Thursday, September 18, 2008

Should investors be worried about Mutual Funds filing for Bankruptcy

With the current financial crisis in the US, a lot of us has questions about what happens to our investments in mutual funds if the MF files for bankruptcy. To understand the implications, I would like to quote an extract from the Workbook published by Association of Mutual Funds of India.

"A mutual fund in India is constituted in the form of a Public Trust created under the Indian Trusts Act, 1882. It should be understood that a mutual fund is just a pass-through vehicle. Under the Indian Trusts Act, the Trust or the Fund has no independent legal capacity itself, rather it is the Trustee or Trustees who have the legal capacity and therefore all acts in relation to the trust are taken on its behalf by the Trustees. The trustees hold the unit-holders money in fiduciary capacity, i.e., the money belongs to the unit holders and is entrusted to the fund for the purpose of investment. In legal parlance, the investors or the unit-holders are the beneficial owners of the investments held by the Trust, even as these investments are held in the name of the trustees on a day-to-day basis."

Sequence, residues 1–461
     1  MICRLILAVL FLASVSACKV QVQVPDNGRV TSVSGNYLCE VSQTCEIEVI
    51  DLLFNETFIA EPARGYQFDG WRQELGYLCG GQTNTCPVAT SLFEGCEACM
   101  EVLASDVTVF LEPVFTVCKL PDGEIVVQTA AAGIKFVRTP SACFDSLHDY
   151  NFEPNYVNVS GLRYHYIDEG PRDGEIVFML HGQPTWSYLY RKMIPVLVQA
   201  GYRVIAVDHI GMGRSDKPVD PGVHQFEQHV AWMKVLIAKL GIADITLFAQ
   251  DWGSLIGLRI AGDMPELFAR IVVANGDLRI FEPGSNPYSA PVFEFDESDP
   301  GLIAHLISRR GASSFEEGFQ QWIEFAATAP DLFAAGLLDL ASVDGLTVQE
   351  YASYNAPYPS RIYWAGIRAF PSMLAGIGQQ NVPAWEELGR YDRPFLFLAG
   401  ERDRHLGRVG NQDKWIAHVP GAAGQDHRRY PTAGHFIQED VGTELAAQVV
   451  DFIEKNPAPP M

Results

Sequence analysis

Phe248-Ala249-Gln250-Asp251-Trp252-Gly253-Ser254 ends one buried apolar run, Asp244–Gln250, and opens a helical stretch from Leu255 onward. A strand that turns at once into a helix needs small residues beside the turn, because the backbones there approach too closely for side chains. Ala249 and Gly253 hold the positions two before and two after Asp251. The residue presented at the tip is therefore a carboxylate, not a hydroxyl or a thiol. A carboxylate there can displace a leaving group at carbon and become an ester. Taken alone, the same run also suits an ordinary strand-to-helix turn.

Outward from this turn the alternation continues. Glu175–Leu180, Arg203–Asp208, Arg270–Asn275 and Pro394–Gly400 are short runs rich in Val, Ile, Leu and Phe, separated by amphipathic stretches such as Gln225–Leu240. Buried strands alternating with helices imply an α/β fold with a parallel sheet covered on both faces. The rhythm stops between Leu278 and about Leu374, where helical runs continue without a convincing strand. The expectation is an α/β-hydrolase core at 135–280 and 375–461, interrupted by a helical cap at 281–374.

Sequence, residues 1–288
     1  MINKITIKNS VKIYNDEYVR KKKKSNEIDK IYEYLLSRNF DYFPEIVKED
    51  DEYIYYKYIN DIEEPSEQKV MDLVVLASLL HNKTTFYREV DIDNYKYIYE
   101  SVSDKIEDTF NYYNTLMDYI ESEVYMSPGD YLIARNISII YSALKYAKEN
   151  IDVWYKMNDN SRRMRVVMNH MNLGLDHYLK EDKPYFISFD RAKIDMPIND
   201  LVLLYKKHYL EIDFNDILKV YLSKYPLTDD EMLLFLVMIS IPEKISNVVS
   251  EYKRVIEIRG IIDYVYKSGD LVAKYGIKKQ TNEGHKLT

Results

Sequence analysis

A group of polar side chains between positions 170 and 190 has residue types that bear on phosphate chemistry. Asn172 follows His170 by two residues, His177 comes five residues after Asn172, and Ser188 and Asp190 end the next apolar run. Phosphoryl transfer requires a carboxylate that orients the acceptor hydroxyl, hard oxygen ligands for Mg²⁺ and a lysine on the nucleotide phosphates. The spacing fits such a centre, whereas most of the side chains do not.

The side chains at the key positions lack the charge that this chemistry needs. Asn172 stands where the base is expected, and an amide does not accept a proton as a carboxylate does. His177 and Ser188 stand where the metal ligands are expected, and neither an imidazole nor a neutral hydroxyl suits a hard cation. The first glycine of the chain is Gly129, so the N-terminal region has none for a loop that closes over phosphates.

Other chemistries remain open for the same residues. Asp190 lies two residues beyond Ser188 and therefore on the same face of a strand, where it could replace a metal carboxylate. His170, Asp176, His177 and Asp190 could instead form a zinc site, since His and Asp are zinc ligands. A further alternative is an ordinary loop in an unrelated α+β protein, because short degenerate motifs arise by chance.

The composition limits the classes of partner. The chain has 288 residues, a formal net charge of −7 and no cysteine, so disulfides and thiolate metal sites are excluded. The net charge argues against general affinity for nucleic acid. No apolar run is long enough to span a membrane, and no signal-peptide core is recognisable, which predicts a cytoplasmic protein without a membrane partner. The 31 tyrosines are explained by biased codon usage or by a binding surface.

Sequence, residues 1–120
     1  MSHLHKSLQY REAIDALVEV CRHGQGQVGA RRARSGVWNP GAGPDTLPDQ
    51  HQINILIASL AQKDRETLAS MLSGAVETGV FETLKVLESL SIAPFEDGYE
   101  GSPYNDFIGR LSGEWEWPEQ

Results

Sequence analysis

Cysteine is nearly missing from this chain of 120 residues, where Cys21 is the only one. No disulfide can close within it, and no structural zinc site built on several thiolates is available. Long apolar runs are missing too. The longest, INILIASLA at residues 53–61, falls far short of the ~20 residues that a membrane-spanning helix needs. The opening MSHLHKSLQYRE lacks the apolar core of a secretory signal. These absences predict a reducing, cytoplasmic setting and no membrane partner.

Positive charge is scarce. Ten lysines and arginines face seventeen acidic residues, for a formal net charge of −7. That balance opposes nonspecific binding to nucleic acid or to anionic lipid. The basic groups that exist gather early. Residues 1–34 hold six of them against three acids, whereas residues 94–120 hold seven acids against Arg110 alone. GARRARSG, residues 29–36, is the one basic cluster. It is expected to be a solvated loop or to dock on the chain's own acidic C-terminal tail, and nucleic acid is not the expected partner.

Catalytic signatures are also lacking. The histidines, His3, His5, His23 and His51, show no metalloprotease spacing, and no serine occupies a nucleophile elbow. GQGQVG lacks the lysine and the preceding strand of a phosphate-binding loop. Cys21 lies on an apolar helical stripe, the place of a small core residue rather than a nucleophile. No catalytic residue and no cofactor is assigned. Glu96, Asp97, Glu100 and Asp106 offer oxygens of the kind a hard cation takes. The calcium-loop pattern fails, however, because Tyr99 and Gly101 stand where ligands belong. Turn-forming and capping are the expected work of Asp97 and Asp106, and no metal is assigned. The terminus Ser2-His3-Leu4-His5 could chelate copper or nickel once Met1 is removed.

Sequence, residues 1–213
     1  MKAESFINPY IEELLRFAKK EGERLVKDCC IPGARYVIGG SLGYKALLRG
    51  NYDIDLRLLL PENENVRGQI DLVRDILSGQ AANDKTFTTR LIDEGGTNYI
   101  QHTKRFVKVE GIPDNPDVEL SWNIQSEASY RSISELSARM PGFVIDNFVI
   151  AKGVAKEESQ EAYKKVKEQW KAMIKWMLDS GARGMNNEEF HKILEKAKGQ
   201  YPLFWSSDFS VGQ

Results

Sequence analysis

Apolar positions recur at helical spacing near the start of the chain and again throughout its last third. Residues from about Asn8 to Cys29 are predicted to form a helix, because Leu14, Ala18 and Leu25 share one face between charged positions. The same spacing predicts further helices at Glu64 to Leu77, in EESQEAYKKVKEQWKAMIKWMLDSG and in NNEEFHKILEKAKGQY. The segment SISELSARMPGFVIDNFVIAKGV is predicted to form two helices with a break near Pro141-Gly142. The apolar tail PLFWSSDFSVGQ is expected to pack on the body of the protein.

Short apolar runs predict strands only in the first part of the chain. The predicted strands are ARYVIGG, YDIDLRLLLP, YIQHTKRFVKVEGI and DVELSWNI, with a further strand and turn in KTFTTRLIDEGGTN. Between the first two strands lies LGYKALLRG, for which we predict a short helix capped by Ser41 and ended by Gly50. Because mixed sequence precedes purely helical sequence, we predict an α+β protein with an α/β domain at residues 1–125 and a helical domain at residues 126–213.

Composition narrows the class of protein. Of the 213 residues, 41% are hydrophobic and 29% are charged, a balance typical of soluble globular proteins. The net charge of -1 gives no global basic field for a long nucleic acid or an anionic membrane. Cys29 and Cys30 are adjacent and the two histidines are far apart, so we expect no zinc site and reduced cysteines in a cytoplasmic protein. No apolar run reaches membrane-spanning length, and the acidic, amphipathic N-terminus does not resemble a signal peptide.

The investments being managed by the mutual fund does not belong to them hence no one can claim them except the unit holders who invested in the fund. Investors of mutual funds need not panic about their investments even if the mutual fund files for bankruptcy.